Logitech Harmony Hub: bridging wi-fi with infrared

For the last few years I’ve used a Logitech Harmony 1100 universal infrared remote to control various devices around the house.

Logitech is moving away from such remotes due to the popularity of tablet computers and smartphones as universal devices. But tablets and smartphones generally don’t include infrared ports, so they cannot be used to control home entertainment systems and TVs that rely on infrared remotes control codes.

The Harmony Smart Control is Logitech’s answer – a gadget that translates Wi-Fi into infrared codes and bluetooth commands (for games consoles). It uses a gadget called the Harmony Hub in conjunction with a smartphone app, available both on the Apple AppStore and Google Play marketplace.

Logitech uses an online database of remote codes, to simplify the setup. Initially, you plug the Harmony Hub into a spare USB port on a PC or Mac and create an account on Logitech’s MyHarmony.com portal. To get going you need Microsoft Silverlight and a plugin, both of which are available direct from the MyHarmony.com portal.

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From here you can setup devices and associate activities – such as listening to music or watching a DVD – with a set of devices. For instance, to watch a DVD, you may need to switch on the TV, DVD player and surround amplifier, then select the right video and audio sources as inputs to get sound and picture from the  DVD player.onto the TV.

This probably sounds quite complicated, but it is intuitive, especially if you have setup other Harmony remotes.  Previous Harmony remote owners can also use the MyHarmony.com portal to transfer their remote settings to the Harmony Hub.

To complete the setup, you select Sync to send the configuration to the Harmony Hub. It can now be disconnected from the USB port, then plugged in to a power socket where it can relay infrared codes to your Hi-Fi, TV and other devices.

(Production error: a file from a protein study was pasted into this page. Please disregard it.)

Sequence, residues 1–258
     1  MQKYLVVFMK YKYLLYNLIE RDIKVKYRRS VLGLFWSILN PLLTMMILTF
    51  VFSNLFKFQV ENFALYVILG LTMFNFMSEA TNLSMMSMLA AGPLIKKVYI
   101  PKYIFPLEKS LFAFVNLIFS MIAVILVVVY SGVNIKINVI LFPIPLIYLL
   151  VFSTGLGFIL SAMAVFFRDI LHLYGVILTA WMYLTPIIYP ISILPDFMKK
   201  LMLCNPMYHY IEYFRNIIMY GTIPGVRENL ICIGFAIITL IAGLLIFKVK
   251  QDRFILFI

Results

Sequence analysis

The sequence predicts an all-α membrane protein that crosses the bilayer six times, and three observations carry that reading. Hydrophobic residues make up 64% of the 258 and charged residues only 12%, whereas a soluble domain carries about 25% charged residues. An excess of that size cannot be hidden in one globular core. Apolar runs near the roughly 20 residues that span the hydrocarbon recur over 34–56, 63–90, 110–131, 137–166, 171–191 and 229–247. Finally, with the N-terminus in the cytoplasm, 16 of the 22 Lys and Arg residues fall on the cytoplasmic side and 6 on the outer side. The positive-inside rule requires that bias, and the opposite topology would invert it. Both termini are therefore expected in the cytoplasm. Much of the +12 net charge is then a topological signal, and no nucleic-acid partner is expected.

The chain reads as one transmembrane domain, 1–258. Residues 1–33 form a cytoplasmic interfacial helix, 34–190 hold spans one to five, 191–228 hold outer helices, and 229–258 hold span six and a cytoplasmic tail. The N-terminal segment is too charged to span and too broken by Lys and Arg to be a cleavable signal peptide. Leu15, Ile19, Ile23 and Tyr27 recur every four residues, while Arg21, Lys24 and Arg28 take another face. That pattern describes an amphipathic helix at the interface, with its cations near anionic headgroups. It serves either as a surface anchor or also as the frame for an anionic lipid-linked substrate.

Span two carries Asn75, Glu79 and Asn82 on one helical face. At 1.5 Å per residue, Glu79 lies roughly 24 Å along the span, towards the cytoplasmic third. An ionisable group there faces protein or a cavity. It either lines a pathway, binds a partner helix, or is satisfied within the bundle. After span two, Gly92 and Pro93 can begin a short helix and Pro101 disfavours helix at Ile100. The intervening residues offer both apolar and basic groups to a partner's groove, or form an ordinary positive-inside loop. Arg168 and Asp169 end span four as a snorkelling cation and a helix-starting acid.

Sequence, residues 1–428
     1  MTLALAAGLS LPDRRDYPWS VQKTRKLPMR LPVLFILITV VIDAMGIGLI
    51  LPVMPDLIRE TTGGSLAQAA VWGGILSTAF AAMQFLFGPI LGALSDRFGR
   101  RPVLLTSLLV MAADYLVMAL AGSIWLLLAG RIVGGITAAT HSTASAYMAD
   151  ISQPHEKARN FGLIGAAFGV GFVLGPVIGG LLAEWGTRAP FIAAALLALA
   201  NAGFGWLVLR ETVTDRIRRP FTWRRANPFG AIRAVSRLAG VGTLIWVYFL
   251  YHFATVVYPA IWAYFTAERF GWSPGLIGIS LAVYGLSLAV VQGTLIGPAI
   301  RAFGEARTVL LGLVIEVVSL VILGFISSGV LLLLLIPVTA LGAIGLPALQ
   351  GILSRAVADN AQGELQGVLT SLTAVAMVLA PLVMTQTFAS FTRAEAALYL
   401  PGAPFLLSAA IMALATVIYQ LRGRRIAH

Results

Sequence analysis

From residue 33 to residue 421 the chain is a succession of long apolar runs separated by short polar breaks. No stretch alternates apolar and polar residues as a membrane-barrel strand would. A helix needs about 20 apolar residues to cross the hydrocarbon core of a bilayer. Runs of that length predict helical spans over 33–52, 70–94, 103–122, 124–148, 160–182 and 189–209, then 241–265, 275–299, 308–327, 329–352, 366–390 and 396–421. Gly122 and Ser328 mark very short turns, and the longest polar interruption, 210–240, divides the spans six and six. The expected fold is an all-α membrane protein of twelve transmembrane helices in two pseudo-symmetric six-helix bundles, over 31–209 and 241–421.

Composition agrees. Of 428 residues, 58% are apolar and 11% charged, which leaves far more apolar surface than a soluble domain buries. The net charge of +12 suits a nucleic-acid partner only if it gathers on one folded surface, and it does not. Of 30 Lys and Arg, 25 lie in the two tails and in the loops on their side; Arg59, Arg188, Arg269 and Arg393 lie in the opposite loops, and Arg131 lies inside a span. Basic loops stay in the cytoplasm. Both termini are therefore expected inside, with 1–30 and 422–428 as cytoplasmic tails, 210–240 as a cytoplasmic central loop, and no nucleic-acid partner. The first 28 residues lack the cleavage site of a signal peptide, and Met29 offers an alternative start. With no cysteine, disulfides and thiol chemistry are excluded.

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The above image shows the Android app running my “Watch TV” activity, which took a matter of seconds as Logitech automatically downloaded the relevant channels for Freeview.

Generally, I found the Harmony Hub easy to setup, but there were no actual instructions. You are told to log into MyHarmony.com. Personally, a step-by-step guide would have helped. For watching TV, the Channel logos are a good touch and the learning IR codes function works well.

But using my Nexus 7 with the Harmony Hub is no replacement for a dedicated remote control. Battery life is poor compared to the Harmony 1100, which would last almost a week on a full charge. I was also unable to create a custom screen on the app, with favourite buttons – something that was easy on the Harmony 1100.

In theory, the Harmony Hub can work work with any infrared device. For instance, I was able to control a Varlight infrared light dimmer. It would be brilliant if the Harmony Hub could accept commands remotely, ie not just over Wi-Fi, to control gadgets remotely from the MyHarmony.com portal. Imagine being able to link home to the internet cost-effectively. For the Logitech Smart Control and Harmony Hub to succeed I think Logitech needs to open up the platform to enable third-party developers to create apps that build on the MyHarmony portal. For now, however, it is a £109 add-on for a smartphone or tablet, that, in my opinion, is not as good as a dedicated universal remote control.

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